• 1995 The Mount Vision Wildfire burns over 12,000 acres, giving PRBO a unique chance to study songbirds’ response to fire. The ongoing study yields management recommendations for the beneficial uses of controlled burns to enhance wildlife habitats.
• 1996 The first Northern Fur Seal pup is born on the Farallon Islands after this species was hunted out by fur traders in the early 1800s.
• 1997-1999 PRBO biologists, in cooperation with the National Park Service, develop a new, less intrusive protocol for monitoring Northern Spotted Owls that minimizes human interaction.
• 1997 – 2006- Point Blue monitored birds in riparian habitats across the Eastern Sierra Nevada and data from sites containing aspen habitat were included in later projects.
⁃ PRBO helps develop and write the U.S. Shorebird Conservation Plan and becomes the principal author of the Pacific Southwest Shorebird Conservation Plan.
⁃ PRBO, in partnership with the Point Reyes National Seashore and Audubon Canyon Ranch, initiates a study of Common Ravens. Using radio transmitters and color bands to follow individual birds, biologists assess the effect of raven populations on endangered species, such as the Snowy Plover.
• 1998-2005 We contributed to efforts to recover the endangered San Clemente Island subspecies of Loggerhead Shrike through careful monitoring of wild and reintroduced shrikes. Only 13 wild individuals remained of the San Clemente Loggerhead Shrike in 1998. PRBO joined a recovery team that included the U.S. Navy, Zoological Society of San Diego, U.S. Fish and Wildlife Service, and the Institute for Wildlife Studies, with the goal of population recovery. The wild population in the spring of 2001 was over 60 birds.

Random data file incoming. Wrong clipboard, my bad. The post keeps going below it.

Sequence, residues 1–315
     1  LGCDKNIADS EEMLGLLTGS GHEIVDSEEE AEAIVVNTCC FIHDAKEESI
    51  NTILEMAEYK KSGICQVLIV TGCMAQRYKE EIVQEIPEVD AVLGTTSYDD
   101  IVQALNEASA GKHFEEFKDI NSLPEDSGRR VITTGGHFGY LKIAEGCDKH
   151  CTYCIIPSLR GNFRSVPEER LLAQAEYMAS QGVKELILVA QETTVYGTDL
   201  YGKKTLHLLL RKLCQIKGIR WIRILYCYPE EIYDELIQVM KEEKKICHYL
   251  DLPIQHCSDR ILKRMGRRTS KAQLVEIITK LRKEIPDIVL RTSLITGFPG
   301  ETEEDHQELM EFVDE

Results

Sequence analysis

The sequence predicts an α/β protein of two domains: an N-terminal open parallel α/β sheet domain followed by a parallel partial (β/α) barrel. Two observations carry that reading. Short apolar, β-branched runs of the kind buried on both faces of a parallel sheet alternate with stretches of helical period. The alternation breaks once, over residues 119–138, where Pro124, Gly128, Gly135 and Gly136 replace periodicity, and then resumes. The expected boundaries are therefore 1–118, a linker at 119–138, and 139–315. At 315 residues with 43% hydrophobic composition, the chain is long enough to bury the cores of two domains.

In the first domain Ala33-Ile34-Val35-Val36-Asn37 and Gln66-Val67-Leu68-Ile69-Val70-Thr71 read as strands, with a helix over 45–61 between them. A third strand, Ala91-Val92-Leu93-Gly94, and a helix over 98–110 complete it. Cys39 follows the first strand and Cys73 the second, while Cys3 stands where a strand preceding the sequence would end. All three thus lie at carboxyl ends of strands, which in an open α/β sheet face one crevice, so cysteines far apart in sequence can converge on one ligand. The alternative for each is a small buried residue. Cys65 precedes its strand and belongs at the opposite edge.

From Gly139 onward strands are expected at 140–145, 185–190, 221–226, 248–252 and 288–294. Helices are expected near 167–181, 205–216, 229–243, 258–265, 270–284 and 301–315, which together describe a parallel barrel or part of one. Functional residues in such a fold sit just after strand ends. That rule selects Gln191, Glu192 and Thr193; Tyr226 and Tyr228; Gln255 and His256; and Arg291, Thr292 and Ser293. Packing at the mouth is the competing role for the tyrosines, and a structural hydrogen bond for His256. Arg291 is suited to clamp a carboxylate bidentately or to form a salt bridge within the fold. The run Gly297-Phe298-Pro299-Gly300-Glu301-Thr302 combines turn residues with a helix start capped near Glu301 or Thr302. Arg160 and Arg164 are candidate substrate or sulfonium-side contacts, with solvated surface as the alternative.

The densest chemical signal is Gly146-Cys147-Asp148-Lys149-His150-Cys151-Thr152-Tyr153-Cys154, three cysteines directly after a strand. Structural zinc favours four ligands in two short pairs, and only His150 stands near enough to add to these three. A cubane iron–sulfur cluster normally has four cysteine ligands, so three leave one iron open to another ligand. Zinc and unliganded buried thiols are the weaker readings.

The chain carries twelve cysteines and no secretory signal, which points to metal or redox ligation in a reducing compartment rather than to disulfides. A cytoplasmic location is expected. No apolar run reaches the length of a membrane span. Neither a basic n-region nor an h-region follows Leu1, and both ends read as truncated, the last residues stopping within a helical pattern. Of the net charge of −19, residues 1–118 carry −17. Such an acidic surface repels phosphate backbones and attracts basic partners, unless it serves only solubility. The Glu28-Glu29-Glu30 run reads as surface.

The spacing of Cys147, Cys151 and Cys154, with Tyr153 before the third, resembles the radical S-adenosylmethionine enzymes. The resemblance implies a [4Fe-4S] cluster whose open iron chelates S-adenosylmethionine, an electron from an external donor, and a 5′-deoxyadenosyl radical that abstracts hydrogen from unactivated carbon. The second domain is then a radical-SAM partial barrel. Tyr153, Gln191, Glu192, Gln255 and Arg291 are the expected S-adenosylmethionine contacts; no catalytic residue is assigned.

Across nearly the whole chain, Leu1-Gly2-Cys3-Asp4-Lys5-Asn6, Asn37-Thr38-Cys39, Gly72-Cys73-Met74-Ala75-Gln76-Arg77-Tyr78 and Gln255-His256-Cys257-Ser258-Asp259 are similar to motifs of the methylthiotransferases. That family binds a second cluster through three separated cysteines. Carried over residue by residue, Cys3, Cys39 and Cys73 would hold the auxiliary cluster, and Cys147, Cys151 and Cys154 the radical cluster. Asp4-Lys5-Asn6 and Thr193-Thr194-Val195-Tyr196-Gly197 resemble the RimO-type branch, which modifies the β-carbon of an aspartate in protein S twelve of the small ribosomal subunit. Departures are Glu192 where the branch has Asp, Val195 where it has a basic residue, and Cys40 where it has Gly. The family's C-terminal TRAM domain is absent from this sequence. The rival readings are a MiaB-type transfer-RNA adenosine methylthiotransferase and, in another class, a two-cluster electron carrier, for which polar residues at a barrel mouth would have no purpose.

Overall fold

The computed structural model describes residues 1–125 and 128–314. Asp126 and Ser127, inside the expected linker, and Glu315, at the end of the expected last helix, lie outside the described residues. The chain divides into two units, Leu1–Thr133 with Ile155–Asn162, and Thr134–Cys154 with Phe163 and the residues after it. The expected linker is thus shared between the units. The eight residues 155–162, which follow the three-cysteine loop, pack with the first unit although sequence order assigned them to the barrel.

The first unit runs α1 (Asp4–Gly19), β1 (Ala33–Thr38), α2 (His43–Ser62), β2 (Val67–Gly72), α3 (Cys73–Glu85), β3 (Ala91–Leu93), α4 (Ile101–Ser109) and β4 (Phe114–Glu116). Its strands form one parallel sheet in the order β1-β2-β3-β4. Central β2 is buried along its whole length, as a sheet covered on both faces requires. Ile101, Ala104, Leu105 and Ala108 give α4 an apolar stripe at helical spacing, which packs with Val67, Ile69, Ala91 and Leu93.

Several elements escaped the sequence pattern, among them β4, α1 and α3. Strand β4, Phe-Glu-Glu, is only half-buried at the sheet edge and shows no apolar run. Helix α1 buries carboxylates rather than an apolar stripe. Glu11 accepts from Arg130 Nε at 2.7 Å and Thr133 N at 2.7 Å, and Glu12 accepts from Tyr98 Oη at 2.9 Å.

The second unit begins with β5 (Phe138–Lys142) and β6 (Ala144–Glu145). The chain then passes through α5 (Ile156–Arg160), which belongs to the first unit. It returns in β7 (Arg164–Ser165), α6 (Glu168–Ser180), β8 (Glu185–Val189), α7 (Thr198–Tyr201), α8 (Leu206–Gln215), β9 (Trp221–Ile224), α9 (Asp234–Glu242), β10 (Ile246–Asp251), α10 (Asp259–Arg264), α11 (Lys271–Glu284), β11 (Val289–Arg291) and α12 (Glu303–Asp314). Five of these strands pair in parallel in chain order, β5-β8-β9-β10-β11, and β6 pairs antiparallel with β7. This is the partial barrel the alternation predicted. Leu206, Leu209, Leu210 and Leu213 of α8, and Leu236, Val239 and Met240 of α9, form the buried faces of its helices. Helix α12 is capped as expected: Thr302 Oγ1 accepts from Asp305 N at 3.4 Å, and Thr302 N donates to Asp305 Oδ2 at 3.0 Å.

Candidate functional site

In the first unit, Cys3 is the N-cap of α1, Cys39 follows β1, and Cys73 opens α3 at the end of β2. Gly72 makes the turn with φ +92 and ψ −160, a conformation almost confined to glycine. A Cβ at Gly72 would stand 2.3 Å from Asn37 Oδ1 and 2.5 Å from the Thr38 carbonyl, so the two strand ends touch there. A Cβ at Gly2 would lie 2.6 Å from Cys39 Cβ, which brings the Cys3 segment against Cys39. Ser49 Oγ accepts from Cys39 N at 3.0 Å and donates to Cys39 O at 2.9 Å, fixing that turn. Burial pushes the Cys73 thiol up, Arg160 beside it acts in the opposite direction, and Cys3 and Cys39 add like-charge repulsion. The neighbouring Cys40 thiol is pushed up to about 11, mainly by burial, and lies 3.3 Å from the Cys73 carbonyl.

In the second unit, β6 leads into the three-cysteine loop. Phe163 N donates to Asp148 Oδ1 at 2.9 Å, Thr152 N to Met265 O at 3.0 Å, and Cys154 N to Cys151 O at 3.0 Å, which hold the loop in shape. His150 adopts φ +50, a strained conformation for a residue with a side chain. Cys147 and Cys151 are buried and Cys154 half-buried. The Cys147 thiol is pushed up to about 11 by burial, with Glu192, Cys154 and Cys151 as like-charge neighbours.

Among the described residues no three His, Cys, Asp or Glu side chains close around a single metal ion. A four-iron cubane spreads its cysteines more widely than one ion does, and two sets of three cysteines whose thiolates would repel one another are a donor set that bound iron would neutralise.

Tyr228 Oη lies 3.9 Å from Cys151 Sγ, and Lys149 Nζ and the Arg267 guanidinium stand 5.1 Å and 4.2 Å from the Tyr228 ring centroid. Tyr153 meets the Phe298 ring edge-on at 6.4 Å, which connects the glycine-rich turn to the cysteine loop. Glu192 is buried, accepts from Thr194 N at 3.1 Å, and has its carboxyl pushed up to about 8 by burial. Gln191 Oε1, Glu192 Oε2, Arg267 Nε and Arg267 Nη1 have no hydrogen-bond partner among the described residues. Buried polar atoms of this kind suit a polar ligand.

⁃ PRBO launches a San Francisco Bay project to study how birds use both natural and man-made habitats in the Bay.
⁃ In an effort to learn more about White Shark movement patterns away from the Farallones, PRBO biologists attach small transmitters that collect data, detach after 4-6 months, and download data to PRBO computers via satellite.
⁃ PRBO Developed and distributed seven multispecies bird Habitat Conservation Plans: Riparian Bird Conservation, oak woodland, coastal scrub, chaparral, coniferous forests, Sagebrush, Desert and grassland habitats, covering all major habitats in California since 1998, with thousands of current users.